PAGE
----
While the Aam Aadmi Party government in Delhi lurches from one controversy to another - the latest being a sex scandal involving sacked minister Sandeep Kumar -- the open rebellion of another legislator against the party’s leadership has only added to its headache.
Devinder Sehrawat, MLA from Bijwasan in south Delhi, has become the third AAP legislator to rebel against the party, but the leadership has so far refrained from showing them the door. Sehrawat’s letter to Kejriwal on Sunday, alleging that AAP leaders of the Punjab unit were seeking sex in return for tickets ahead of assembly polls in the state, has riled the party. Senior leader and in-charge of Punjab, Sanjay Singh, has threatened Sehrawat with a defamation suit.
Matia Mahal legislator Asim Ahmed Khan, who was dropped by chief minister Arvind Kejriwal from the cabinet last October over charges of corruption, and Timarpur MLA Pankaj Pushkar continue to be in the party despite raising questions over the AAP government and its leadership.
While Pushkar turned a rebel when the AAP decided to expel senior leaders Yogendra Yadav and Prashant Bhushan last year, Khan has made direct allegations recently against Kejriwal and a few other leaders close to the CM of ‘conspiring to get him killed’. For his part, Pushkar has seen on several occasions sharing platforms with Yadav and Bhushan, who recently launched Swaraj Abhiyan---a socio-political group.
Sehrawat’s latest letter to Kejriwal only reinforces his divergent views from that of the party’s. His dissent was on display earlier also when he had called a press conference criticising the decision to remove Bhushan and Yadav from the party.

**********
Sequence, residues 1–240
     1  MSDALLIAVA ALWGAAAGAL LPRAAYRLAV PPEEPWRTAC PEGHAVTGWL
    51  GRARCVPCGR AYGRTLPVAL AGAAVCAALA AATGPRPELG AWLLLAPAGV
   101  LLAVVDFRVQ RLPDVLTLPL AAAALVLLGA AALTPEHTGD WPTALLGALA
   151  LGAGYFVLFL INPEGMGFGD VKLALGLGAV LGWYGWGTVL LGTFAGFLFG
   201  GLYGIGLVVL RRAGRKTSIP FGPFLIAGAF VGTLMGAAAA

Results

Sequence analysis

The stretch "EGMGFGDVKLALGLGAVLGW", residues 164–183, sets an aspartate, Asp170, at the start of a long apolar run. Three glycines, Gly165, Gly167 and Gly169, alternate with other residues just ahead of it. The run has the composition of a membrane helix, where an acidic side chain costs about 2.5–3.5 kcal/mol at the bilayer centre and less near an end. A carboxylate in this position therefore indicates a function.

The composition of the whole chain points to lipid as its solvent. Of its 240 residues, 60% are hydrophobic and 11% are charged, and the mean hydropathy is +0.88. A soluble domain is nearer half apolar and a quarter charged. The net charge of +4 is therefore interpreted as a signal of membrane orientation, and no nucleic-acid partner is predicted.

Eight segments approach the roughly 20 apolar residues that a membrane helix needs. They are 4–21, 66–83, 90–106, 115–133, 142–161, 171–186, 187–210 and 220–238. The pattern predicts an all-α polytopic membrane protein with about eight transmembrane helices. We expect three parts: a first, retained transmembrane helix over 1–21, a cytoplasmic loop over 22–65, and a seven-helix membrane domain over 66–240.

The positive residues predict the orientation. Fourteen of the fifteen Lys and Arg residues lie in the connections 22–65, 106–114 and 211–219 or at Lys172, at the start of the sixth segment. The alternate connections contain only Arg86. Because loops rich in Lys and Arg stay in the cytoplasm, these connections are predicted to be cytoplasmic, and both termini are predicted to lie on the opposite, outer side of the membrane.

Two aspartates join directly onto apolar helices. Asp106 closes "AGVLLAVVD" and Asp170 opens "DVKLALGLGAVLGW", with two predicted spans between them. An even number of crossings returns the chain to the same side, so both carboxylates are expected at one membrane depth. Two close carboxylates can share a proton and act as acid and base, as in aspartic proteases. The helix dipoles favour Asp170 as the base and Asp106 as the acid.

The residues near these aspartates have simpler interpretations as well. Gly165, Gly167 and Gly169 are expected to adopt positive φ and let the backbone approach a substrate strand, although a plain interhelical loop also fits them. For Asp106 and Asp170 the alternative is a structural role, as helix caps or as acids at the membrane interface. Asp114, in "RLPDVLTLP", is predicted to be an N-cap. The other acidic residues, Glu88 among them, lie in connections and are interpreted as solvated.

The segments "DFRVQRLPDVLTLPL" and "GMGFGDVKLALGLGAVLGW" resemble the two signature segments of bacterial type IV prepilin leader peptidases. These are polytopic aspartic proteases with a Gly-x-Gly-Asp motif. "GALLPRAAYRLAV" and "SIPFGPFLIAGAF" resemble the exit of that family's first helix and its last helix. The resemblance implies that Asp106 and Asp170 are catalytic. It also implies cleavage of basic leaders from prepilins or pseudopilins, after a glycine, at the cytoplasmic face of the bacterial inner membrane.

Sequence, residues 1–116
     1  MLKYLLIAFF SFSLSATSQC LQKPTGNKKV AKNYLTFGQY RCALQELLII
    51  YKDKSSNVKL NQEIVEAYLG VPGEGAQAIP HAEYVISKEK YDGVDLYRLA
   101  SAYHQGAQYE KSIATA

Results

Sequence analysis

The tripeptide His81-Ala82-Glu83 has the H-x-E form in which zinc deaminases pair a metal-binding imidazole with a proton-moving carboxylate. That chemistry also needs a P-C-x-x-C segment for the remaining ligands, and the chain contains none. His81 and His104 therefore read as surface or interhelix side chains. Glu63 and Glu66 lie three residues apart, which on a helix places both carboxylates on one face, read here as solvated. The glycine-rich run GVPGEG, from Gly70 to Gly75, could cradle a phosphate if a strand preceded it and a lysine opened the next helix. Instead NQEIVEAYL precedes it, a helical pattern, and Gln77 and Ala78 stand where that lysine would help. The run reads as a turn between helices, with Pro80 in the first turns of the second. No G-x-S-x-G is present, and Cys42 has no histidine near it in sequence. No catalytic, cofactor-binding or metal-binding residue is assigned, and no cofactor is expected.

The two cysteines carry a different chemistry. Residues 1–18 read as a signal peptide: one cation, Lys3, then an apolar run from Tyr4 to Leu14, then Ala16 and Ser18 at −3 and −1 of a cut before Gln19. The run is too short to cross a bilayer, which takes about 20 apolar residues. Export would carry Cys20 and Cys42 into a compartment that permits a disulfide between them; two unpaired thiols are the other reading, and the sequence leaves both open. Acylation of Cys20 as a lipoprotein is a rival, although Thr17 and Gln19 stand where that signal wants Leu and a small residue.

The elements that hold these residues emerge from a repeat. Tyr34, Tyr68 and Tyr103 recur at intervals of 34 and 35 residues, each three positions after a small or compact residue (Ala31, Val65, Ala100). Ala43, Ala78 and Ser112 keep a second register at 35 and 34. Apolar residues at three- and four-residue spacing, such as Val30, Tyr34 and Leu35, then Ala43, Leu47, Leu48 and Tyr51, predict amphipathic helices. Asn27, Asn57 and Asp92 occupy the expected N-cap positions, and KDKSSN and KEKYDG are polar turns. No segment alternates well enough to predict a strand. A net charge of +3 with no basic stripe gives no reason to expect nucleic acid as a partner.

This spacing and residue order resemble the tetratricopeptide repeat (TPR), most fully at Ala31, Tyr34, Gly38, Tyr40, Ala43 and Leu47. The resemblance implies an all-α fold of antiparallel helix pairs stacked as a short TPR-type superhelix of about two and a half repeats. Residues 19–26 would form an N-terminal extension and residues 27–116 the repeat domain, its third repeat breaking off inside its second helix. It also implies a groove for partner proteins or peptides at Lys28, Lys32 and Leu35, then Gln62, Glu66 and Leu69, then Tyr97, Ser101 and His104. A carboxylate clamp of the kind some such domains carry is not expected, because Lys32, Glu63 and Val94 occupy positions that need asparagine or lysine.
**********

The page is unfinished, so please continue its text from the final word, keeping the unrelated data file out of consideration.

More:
Sehrawat , Khan and Pushkar, however, continue to be in the party. This despite AAP’s brute majority in the Delhi assembly where it has 67 of the 70 seats.
AAP leaders say the decision not to expel these legislators is ‘deliberate’. “We don’t want to provide them an opportunity to go and join the Opposition forces. They won on AAP symbol and if they don’t find themselves on the same page as the party, they should resign and get themselves re-elected,” said a senior party leader, adding that these legislators anyway do not play any role in the party and they are not invited to meetings.
Expulsion of an elected representative from the parent party allows the individual to function as an ‘independent’, both in and outside the House, as the anti-defection law would not apply on them. However, even a mere suspension from primary membership would keep them under the ambit of the party’s whip.
AAP’s strategy was reflected in the assembly last year when the government passed key legislative bills like Jan Lokpal.
While critics like Yogendra Yadav and his group had accused AAP government of ‘diluting’ the Jan Lokpal bill, Pushkar too raised the issue in the House when it was taken up for discussion.
Pushkar also moved an amendment motion. However, he had to withdraw it later as the treasury bench issued a whip. Going ahead with the motion would have cost the legislator his membership.